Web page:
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Overview of the Chapter 7 bankruptcy process

On Behalf of | Jun 19, 2020 | Chapter 7 Bankruptcy

Unfortunately, many see bankruptcy as a dirty word. In reality, anyone can fall on hard times. Bankruptcy offers us a financial reset button. It can restructure or discharge most, if not all, debts. However, it is important to understand the process.

The most common type of individual bankruptcy is a Chapter 7 bankruptcy. In a Chapter 7, the filer’s unsecured debts can be eliminated. These debts are those that are not secured by an asset, like credit cards, medical bills, etc. For secured debts, like homes and vehicles, depending on ability to pay, filers can keep these items or give them back.

It is also important to note that a key distinction for bankruptcy is that it is a federal system, not controlled by North Carolina courts. This means that filers file with their local federal court.

Before one files for bankruptcy, residents must get a special bankruptcy briefing. This is attained from an approved nonprofit budget and credit counseling agency. This does not need to happen before consulting an attorney, and one’s attorney can actually provide an agency list.

After attaining a special bankruptcy briefing, the bankruptcy case officially begins with the filing of the bankruptcy petition with the local federal bankruptcy court (with a filing fee). This petition must disclose all income and assets, along with expenses and current liabilities (i.e., debts). These are done utilizing court-authorized forms, which must be signed under penalty of perjury.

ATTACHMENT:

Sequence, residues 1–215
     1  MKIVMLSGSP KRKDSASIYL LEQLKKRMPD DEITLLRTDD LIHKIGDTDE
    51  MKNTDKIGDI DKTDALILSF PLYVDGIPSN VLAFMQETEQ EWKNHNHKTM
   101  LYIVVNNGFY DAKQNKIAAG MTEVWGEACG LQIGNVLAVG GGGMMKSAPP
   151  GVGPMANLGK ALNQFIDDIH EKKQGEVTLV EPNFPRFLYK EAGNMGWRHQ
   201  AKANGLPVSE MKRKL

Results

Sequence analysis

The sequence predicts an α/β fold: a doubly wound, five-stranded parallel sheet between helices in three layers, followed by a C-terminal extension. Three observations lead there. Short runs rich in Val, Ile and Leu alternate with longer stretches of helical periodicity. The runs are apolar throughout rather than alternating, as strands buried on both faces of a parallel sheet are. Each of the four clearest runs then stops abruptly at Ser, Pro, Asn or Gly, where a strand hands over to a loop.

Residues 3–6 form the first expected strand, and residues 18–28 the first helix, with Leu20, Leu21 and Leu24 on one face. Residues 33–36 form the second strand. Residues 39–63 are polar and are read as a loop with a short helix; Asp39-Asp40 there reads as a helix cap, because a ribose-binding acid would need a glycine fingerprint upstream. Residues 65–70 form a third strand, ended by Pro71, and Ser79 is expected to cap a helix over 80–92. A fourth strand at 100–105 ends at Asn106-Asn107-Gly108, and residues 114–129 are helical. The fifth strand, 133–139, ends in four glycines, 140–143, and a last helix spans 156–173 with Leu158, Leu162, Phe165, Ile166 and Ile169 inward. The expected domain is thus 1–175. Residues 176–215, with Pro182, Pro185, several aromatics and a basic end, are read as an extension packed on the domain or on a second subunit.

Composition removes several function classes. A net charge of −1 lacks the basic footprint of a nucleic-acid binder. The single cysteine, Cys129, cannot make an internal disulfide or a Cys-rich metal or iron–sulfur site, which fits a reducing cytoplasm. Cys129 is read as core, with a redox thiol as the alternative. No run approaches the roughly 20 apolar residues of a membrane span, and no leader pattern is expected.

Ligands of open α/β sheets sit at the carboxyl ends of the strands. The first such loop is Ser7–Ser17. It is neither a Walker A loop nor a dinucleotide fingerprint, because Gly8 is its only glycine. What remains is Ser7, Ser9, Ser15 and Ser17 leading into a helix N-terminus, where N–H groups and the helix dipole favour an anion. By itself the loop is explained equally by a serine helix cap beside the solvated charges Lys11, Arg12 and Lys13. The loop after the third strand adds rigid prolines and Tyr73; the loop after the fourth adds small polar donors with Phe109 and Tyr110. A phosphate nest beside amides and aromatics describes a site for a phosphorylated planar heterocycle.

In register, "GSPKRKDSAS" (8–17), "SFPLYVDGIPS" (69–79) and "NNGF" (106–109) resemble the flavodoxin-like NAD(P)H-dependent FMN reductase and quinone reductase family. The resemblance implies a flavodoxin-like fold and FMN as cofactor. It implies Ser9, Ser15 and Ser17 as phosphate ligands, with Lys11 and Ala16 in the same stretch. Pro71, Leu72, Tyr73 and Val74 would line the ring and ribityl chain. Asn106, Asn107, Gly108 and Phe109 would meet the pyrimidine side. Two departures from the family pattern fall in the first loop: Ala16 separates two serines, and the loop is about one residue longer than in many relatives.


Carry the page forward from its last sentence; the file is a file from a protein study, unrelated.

The petition must list everything, no matter where located or how much owed. It is illegal to leave anything out. This does not mean that all assets listed will be sold or given back, and in Chapter 7 bankruptcies, some property is exempt.

After the petition is filed, an approved personal financial management instructional course must be completed. Then, as required by the bankruptcy judge, the filer must attend all hearing, and in consultation with the filer’s attorney, cooperate with bankruptcy trustee (who administers the filer’s estate). As needed, tax returns and other financial documents may be requested by the court, trustee, and creditors, but the filer’s attorney will help the filer navigate these relationships.

As one can see from this very brief overview, the bankruptcy process is complicated. For those that need the fresh start though, it is well worth the journey.


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